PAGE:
Medical or recreational: Marijuana in Maine



BAR HARBOR– Even the rollout of adult use marijuana is being affected by the coronavirus.  

Maine is one of 11 states that has legalized marijuana, but the slowest to allow adult-use businesses to begin operating. Applications were accepted by the state for provisional licenses at the end of last year.  

In March, just before Governor Janet Mills issued an executive order that all non-essential businesses close, a database of the state’s first round of provisional licenses for adult-use, also known as recreational, marijuana was released.  

The first recreational sales were expected to commence before the end of March, until COVID-19 intervened. On April 10, that industry rollout was officially put on hold.  

Since it was legalized by a referendum vote in 2016, recreational marijuana has been held up by legislative rewrites, gubernatorial vetoes and hiccups with the original company hired to design a product tracking system. In the spring of 2019, an original set of rules, which numbered more than 80 pages, governing the new industry was released and, subsequently, approved by Gov. Mills in June.  

At this time, Maine is an opt-in state for both medical and recreational marijuana. Even though medical marijuana was legalized in 1999, laws for that industry changed in December 2018. Any medical marijuana retail store, cultivation or manufacturing facility operating before that date is grandfathered into being able to continue operating in towns that have not opted in.  

Otherwise, towns in Maine must opt in to allow both recreational and medical marijuana businesses to operate within their boundaries. Licensing for these businesses is a three-step process in which the state issues an initial provisional license, the municipality approves the establishment of the business according to locally drafted regulations, if they exist, and, finally, the state issues a license to operate.  

Medical marijuana caregivers are the only related business exempt from this process. Municipalities cannot regulate the number of caregivers operating within their jurisdiction, whether the town has opted in or not.  

Caregivers must register with the state and are legally allowed to cultivate more than 100 plants – up to 36 flowering and 72 vegetative – if the caregiver is also a patient. They can supply up to 2.5 ounces at a time to holders of medical marijuana cards, but no longer need to be specifically designated as a card holder’s caregiver. Visitors to Maine, who hold medical marijuana cards from other states where it is legal, can purchase up to 2.5 ounces in a 15-day period. 

Regulations around adult-use marijuana are much stricter than those in the medical industry. As part of its rollout, Maine is implementing a seed-to-sale tracking system that does just that. Information is recorded from the point of seed through cultivation and harvesting, as well as testing, before it can be sold to a consumer who is 21 years of age or older.  

All adult-use marijuana products must be tested before they can be sold to the public. Maine is the only state that does not require medical marijuana sold here to be tested. At this time, there are several testing facilities vying for a license in Maine, but only one, in Kennebunk, that is testing medical marijuana products through a contract with dispensaries or caregivers.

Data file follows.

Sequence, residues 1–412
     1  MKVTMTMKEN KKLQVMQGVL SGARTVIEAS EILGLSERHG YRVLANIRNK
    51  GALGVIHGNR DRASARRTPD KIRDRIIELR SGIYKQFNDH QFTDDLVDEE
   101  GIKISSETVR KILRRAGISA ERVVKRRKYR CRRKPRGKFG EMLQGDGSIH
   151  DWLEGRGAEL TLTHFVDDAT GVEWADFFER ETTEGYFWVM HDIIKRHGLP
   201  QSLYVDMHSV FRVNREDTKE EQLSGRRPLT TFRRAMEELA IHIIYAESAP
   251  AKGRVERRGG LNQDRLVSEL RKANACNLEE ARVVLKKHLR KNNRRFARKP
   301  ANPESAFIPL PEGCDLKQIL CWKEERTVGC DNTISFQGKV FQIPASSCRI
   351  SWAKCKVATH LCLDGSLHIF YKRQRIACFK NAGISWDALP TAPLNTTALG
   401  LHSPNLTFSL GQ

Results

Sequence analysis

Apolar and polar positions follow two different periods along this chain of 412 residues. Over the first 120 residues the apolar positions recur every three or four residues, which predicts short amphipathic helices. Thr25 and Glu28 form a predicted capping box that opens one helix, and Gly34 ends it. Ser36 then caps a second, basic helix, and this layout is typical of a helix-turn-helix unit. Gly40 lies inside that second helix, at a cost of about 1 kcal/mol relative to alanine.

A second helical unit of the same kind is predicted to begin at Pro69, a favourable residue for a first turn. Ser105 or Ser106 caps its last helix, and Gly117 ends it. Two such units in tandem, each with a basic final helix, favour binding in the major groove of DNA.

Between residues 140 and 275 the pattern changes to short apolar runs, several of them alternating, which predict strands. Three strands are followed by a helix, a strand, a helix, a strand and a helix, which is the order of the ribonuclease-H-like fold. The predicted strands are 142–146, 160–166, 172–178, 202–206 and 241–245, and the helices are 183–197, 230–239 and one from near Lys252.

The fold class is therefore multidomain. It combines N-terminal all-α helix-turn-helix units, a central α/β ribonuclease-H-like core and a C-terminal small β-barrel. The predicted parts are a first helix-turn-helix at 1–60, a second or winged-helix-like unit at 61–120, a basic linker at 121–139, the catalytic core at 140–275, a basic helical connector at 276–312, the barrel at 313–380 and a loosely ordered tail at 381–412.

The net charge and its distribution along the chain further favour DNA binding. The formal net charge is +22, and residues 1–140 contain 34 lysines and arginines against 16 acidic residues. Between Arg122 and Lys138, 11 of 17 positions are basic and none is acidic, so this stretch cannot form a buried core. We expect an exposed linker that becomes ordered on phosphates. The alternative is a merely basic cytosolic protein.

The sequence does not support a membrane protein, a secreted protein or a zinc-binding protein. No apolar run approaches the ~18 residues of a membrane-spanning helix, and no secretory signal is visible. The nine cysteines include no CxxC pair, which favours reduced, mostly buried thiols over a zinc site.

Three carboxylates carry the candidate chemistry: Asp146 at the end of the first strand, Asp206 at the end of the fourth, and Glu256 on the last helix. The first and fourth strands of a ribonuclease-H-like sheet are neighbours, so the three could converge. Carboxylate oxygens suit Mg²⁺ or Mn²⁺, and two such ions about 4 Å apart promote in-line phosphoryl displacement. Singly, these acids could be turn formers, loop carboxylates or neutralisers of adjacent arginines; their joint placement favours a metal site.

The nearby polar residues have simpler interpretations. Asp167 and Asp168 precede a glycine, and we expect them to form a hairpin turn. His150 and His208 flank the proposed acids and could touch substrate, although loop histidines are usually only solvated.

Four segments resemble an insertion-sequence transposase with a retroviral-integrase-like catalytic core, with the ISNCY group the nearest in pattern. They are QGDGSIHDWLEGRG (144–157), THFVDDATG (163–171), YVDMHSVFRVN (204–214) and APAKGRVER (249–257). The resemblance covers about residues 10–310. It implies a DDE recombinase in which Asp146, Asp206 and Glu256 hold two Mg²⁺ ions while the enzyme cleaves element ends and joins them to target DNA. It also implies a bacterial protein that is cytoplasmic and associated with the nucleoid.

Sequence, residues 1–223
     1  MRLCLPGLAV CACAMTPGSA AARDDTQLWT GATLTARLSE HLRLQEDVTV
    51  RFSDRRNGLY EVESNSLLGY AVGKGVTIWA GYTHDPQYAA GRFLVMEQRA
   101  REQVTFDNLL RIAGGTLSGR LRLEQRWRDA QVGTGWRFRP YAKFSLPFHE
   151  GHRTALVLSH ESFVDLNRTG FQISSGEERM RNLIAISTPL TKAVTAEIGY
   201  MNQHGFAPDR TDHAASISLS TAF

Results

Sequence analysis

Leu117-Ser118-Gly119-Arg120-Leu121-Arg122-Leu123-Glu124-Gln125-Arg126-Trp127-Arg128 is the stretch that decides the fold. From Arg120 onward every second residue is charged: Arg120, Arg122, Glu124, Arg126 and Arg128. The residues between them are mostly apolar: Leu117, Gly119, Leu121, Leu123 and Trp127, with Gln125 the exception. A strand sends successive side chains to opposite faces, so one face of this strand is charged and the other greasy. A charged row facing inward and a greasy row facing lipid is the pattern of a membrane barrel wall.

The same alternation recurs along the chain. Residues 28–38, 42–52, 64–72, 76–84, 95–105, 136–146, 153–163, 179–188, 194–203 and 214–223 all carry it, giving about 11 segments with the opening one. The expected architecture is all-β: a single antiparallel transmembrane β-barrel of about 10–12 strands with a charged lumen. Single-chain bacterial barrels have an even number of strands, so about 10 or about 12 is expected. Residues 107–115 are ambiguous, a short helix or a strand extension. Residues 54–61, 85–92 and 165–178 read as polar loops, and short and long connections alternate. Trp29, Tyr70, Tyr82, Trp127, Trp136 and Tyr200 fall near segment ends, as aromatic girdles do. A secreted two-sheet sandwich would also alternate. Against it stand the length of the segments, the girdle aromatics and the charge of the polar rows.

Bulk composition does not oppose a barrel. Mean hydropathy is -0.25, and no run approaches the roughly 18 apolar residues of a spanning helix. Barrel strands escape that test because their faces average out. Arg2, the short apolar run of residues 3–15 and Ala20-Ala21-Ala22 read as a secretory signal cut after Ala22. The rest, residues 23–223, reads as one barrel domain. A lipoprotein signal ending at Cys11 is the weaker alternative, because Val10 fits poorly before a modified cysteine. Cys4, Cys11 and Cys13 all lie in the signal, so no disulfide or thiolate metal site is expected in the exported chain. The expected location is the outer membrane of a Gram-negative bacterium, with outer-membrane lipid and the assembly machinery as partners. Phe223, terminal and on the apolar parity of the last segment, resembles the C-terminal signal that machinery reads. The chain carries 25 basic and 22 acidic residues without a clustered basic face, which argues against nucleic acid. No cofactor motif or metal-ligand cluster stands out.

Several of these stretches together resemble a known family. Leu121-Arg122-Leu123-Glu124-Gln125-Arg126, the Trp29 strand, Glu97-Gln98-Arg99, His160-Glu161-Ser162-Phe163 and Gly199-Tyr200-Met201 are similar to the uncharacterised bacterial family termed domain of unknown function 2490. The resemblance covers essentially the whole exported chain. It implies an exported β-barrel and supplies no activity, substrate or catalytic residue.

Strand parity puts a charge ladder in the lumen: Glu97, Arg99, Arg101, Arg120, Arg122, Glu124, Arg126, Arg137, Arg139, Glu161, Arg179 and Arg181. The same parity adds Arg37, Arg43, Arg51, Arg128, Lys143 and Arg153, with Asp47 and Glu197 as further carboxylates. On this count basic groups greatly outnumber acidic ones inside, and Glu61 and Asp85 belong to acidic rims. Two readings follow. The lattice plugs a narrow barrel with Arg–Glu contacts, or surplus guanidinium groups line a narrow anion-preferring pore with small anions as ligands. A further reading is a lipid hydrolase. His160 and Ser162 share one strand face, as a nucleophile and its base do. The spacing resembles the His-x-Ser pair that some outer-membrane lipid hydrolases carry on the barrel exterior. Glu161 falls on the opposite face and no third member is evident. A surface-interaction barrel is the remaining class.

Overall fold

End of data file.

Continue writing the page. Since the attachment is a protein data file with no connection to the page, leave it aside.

Other states have experienced a backlog in testing products in a timely enough fashion to have them available for sale. Officials of the Office of Marijuana Policy, created to address these industries, are waiting to have enough testing facilities, or labs, licensed in order to provide product for several recreational retail businesses before they launch in order to avoid an onslaught of product to only a small number of stores.  

Maine lawmakers did write flexibility into the state’s marijuana laws to allow for the waiver of testing rules if the state failed to attract enough testing labs at the start of the market to conduct all mandatory state tests. Although there are testing facilities in New Hampshire, transporting marijuana across state lines equates to a federal drug trafficking charge, which eliminates labs there as an option for Maine businesses.  

Packaging for adult-use products must clearly exhibit information about the product inside, the amount of tetrahydrocannabinol (THC) it contains and, for most products, be childproof. Public consumption of marijuana, even by those of legal age, is prohibited in the state, which includes inside a vehicle.  

Ingesting marijuana before operating a motor vehicle falls under similar laws as consuming alcohol. Currently, there is no official way to test the level to which a driver is under the influence of marijuana other than behavioral cues. 

Since marijuana is still illegal at the federal level, potential businesses will struggle to find financial institutions that are willing to work with them. Banks and most credit unions are federally insured and require paperwork that alerts the federal government each time a transaction is made by a marijuana business. Most banks don’t want to be bogged down by that, and many businesses don’t want the extra steps, and that leaves them vulnerable because of the cash market in which they operate.  

While the state’s rules are lengthy, each municipality is encouraged to design amendments to their land-use ordinance to regulate via zoning or licensing regulations specific to them in order to retain a level of local control. Unless specified by either of these modes, enforcement of laws, rules and regulations falls to the state statutes in place. 

Sarah Hinckley

Sarah Hinckley

Sarah Hinckley covers the towns of Southwest Harbor, Tremont and neighboring islands. Send story ideas and information to [email protected]

Leave a Reply

Your email address will not be published. Required fields are marked *